The Gods Are Dead

By Alexia Tzortzis, TIWP Student

Zeus sits at a bar and orders a thousand drinks, smiling at girls who see him and think of the pepper spray tucked into their sleeves.

Hera waits at home, with the numbers of all the girls and their Facebook pages open. She wants to tell them to take her advice, that men will always lie. She wants to take her own advice. She knows she never will.

Apollo and Artemis travel the world, chasing the sun, chasing the moon, their arms wrapped around each other, though never in public. No, they look too similar for that now. This society has learned judgement and so they keep their caresses safe in the shadows.

Poseidon wanders the shore, picking up trash and putting it into bags. Tears mix with the salt of the sea. Nobody notices. A girl with serpent like hair trails after him, retribution in her eyes.

Athena paces college campuses, handing out pamphlets on architecture, scoffing at professors who are just going through the motions, holding signs and marching for what she believes in. She laughs wild. These children, these fearless children, are her people.

Demeter counts down the days until her daughter comes home, smiling at the children playing in the snow she gives them. She had a child like that once.

Persephone kisses her husband and grins when people tremble. She is vengeful and wears flowers in her hair. She will make damn sure that her name will never be forgotten.

Hades lies in bed, curled around his wife. He smiles, because people will always believe in death, and finally, finally, he has beaten his brothers at something.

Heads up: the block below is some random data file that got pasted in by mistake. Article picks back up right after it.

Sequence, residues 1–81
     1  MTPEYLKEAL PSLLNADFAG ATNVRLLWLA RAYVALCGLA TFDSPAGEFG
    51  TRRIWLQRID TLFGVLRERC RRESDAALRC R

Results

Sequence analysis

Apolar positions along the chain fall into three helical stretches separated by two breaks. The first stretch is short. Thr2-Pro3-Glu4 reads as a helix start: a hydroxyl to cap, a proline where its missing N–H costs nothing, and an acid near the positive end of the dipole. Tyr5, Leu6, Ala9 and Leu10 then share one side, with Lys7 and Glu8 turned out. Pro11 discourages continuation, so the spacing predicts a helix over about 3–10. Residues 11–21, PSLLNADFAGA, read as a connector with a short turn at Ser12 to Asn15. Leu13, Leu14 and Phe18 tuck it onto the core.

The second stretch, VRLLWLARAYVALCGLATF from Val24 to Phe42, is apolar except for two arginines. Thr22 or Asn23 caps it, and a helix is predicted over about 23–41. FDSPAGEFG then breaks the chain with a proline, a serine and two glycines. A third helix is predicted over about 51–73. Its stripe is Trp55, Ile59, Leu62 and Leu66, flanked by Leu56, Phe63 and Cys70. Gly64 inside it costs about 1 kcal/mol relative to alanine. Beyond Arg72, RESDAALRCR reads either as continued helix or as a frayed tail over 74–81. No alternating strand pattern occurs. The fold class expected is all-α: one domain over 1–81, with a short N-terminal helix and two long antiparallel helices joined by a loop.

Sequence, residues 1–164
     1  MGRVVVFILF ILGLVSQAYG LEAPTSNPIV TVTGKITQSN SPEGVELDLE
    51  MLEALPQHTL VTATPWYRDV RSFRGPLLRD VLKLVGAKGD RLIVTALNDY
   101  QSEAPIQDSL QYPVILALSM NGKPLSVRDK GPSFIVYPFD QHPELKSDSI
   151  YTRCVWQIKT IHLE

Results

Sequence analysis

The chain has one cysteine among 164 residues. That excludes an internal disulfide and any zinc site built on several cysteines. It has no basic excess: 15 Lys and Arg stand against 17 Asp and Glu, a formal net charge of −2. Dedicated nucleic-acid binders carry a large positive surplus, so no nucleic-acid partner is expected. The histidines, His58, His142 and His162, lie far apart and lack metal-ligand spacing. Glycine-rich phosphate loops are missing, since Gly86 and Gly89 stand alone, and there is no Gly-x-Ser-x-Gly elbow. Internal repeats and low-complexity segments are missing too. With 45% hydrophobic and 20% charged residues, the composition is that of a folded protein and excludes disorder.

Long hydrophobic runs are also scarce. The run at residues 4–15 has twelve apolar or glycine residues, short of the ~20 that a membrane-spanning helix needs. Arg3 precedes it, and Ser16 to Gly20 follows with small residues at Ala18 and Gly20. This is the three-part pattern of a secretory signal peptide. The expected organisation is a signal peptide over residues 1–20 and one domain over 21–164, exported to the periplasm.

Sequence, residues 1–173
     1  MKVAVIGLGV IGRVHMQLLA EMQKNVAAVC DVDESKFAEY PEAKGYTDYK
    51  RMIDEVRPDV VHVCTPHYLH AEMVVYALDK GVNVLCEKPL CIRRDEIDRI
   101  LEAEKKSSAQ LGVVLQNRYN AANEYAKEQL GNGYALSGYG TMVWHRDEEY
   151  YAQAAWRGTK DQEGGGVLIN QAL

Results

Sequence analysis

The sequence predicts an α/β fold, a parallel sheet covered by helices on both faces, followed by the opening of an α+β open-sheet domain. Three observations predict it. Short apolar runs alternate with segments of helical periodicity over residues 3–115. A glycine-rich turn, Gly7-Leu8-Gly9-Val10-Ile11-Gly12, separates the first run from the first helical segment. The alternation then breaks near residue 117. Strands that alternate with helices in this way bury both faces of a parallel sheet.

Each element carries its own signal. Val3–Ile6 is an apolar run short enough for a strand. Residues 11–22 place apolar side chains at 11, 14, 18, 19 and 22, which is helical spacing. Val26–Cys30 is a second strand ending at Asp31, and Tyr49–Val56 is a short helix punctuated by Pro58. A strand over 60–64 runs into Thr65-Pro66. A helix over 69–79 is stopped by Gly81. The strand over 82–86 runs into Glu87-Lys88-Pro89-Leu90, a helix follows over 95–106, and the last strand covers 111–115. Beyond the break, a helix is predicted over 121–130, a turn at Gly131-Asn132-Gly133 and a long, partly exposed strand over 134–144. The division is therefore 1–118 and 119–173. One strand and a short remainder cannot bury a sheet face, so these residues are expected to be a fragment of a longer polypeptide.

Ares walks through the Middle East, picking his way through the ruins of an elementary school. He stopped understanding war a long time ago. This was not brave, this was not heroic, this was senseless.

Aphrodite narrows her eyes at the boys who yell obscene things from cars. She stopped romanticizing love a long time ago. She is gaunt and overworked, but sometimes she sees a young girl hand over her baby to a couple who had been trying for years, and she feels young again. Sometimes she stands in a room where soldiers hug and kiss their loved ones. Sometimes she sees Ares, and they smile at each other.

Hermes runs through New York, London, Tokyo. He is young in this time, his deft fingers slipping into the pockets of wealthy businessmen. He is laughing. He never stops laughing.

Dionysus mixes Zeus’s drinks. He watches his family grin and cry and get sick in the bathroom of the bar. He holds their hair back and hands them another drink before they even ask. He’s seen them drunk more often than sober, he watches them flicker out and fade.

The gods are dying. The gods are dead. The gods are us.

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